Video conferencing technology opens up new world for hosting guest lecturers
This article is part of a series highlighting lesser-known benefits of Ohio State’s distance learning classes.
Since the start of the pandemic, web conferencing platforms such as CarmenZoom have been a boon for instructors seeking to introduce their students to a variety of real-world and industry voices.
“It’s so much easier to get people to come in and give a guest lecture because everybody’s so fluent in Zoom. That’s been a benefit to this,” said Darcy Hartman, senior lecturer for the Department of Economics in the College of Arts and Sciences. “I’ve gotten a few people from other parts of the country that are willing to give a presentation.”
Hosting experts and other guest presenters on campus can take time, travel and money. Virtual conferencing technology makes it more feasible for instructors to more regularly include diverse voices in their courses.
In addition to several Ohio State guests, guest lecturers in Hartman’s autumn 2020 courses included Jill McCluskey, the first female director of Washington State University’s School of Economic Sciences; Lee Coppock, an economics professor from the University of Virginia and one of the authors of the textbook Hartman uses for her Principles of Macroeconomics course; and Claudia Sahm, former senior economist for the Council of Economic Advisors under President Barack Obama and former principal economist at the Federal Reserve Board of Governors.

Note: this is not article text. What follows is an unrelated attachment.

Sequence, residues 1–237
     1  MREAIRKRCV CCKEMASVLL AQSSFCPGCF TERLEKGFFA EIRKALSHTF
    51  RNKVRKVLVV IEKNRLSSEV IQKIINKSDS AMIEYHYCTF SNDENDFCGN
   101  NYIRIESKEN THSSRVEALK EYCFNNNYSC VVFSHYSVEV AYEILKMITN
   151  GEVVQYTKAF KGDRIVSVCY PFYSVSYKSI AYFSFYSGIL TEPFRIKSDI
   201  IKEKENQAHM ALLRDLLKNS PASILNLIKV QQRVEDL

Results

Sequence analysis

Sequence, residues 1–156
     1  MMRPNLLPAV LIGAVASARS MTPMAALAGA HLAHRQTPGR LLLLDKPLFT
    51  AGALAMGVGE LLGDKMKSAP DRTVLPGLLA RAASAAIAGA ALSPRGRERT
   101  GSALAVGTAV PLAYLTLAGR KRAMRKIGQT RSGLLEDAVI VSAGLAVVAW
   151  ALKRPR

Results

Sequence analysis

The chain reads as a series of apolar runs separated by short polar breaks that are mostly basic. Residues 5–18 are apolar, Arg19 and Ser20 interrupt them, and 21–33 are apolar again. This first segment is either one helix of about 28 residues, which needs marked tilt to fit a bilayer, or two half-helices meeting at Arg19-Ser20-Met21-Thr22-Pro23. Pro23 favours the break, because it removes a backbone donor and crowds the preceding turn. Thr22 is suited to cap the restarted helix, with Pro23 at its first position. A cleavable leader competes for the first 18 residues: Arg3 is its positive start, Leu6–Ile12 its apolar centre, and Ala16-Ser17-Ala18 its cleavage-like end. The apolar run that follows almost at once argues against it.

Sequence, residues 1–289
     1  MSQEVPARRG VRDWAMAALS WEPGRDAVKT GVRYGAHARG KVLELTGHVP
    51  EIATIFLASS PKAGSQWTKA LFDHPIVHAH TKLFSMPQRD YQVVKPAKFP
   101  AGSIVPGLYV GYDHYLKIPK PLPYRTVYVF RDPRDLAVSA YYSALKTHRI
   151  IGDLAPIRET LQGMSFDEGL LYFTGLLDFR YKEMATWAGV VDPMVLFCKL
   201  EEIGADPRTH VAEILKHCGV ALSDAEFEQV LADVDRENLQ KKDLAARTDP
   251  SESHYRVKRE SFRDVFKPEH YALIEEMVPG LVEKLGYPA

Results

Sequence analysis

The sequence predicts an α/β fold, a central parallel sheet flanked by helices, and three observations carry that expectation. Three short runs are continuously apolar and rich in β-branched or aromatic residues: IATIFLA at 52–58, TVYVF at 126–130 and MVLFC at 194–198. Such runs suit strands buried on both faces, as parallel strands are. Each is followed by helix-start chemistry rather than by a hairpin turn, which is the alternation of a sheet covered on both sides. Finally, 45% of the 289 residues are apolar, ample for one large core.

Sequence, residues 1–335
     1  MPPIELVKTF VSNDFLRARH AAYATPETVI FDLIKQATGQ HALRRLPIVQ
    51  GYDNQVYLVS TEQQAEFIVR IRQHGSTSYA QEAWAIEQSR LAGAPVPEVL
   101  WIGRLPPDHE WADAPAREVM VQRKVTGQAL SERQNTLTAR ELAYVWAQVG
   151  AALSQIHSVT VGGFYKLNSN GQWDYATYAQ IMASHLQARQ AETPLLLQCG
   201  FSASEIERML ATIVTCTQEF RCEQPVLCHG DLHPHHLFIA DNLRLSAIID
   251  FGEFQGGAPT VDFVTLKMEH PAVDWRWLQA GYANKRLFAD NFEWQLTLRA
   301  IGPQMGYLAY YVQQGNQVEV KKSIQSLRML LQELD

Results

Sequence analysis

Sahm, an opinion writer for the New York Times and Bloomberg, discussed recommendations for fiscal and monetary policy to counteract the pandemic’s impact on the economy. “(Sahm’s) lecture came the day after she published a provocative piece on her departure from the Center for Equitable Growth … an eye-opening account of sexism and racism at the top tiers of our profession,” Hartman said.
“She took the time to pause from being interviewed by multiple news outlets that day to speak with my class. My students were so appreciative of the opportunity to speak with someone who has worked with the top people in both the White House (and) Congress and the Federal Reserve.”
Without Zoom, Hartman’s students likely would not have been able to meet Sahm, since it would have required her to take time out of her schedule to travel to campus.
Hartman plans to continue using technology to introduce her classes to experts from across the country. “I think it is important for students to have the chance to see what economists work on,” she said.
Request a teaching support consultation with ODEE to explore how to incorporate technology into your classes.